Under this upcoming regime, data or invoices can be directly sent to the Invoicing Public Portal ‘PPF’ (Portail Public de Facturation, so far known as Chorus Pro) or to a Partner Dematerialization Platform ‘PDP’ (Plateformes de Dématerialisation Partenaires). In addition, there are also Dematerializing Operators (Operateurs de dématérialisation) that are connected to either the PPF or a PDP.
Requirements for these portal and platforms have been published.
The Ministry of Economy published Decree No. 2022-1299 and Order of 7 October 2022 on the generalisation of e-invoicing in transactions between taxable persons for VAT and the transmission of transaction data (together known as ‘new legislation’), providing long-awaited details for PDP operators and PPF.
The new legislation introduces rules concerning the application process for PDP operators. Although French establishment isn’t required, PDP operators must fulfill a number of requirements, such as operating their IT systems in the EU.
France is implementing a model where third-party service providers are authorised to transmit invoices between the transacting parties. With the mandatory use of the PPF or PDPs for exchanging e-invoices, trading parties cannot exchange invoices between them directly. Therefore, PDPs must be able to receive and send invoices in structured formats, whether the ones supported by the PPF (CII, UBL, or FACTUR-X) or any other required by their clients. Also, to ensure interoperability, PDPs are expected to connect with at least one other PDP. Besides this requirement, it’s stated by the new decree that PDPs must be able to send e-invoices to PDPs chosen by their recipients which implies a complete interoperability between PDPs.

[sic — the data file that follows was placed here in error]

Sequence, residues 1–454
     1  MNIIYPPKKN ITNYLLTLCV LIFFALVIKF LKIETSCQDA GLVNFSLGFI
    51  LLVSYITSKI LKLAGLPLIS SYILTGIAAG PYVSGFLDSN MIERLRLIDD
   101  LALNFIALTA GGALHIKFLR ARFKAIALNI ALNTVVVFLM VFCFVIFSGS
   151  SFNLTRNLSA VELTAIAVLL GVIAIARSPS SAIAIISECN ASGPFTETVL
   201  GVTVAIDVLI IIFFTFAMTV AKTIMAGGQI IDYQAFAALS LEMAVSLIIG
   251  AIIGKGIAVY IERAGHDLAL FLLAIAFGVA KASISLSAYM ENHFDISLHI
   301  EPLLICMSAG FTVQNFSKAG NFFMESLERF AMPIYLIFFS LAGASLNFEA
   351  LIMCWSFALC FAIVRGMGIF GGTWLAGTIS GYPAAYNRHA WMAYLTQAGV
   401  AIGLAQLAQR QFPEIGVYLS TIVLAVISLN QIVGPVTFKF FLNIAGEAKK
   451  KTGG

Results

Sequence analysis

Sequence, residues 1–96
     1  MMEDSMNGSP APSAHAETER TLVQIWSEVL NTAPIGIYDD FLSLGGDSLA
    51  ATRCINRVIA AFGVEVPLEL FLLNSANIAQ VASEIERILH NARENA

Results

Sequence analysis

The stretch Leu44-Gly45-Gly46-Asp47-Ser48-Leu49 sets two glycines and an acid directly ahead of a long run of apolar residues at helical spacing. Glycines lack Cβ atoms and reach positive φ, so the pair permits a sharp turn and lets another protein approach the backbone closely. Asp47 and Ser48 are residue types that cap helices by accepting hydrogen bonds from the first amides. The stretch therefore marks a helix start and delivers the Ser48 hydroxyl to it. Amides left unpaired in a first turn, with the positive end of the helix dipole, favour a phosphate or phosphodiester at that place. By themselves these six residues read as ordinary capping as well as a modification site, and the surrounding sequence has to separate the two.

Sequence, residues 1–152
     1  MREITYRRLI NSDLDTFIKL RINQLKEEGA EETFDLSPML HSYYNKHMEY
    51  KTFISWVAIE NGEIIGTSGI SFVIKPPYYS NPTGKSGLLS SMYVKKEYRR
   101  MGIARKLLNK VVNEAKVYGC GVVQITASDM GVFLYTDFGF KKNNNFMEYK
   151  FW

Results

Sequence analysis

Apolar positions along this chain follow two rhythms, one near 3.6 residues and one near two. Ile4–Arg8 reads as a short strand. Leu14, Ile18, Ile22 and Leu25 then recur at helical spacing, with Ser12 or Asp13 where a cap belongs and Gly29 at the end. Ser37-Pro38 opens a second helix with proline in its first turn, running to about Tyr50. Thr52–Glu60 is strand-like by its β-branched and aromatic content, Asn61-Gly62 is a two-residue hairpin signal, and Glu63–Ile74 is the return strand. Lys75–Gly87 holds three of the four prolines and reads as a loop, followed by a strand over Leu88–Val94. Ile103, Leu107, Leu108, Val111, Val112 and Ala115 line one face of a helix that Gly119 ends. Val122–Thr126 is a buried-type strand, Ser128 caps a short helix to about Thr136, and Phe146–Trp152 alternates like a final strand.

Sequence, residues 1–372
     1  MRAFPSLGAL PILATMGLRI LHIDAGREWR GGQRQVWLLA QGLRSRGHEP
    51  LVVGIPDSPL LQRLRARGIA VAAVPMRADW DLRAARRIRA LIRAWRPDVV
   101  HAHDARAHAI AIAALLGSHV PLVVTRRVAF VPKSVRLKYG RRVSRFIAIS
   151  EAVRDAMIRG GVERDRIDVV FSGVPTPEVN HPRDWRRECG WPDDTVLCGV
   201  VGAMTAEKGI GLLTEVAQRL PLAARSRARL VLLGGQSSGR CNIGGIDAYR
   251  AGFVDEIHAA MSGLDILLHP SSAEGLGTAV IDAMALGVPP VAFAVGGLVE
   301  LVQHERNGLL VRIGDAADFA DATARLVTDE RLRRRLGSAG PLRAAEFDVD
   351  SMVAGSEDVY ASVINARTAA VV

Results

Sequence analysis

It was previously announced that taxpayers could submit PDF invoices for a transitional period. The new legislation outlines the transitional period as until the end of 2027. During this period PDPs and PPF must be able to convert the PDF into one of the structured formats.
The new legislation also provides information about the content of e-invoices, which has new mandatory fields, and the content of transaction and payment data to be transmitted to the tax authority.
It also announced frequencies and dates of data transmission. Deadlines for transaction and payment data transmission are based on the tax regimes of taxpayers. For example, taxpayers subject to the normal monthly regime should transmit payment data within ten days after the end of the month.
With the aim of having traceability over documents, the lifecycle statuses of the domestic B2B e-invoices are exchanged between the parties and transmitted to the PPF. Lifecycle statuses that are mandatory (“Deposited”, “Rejected”, “Refused” and “Payment Received”) are listed in the new legislation.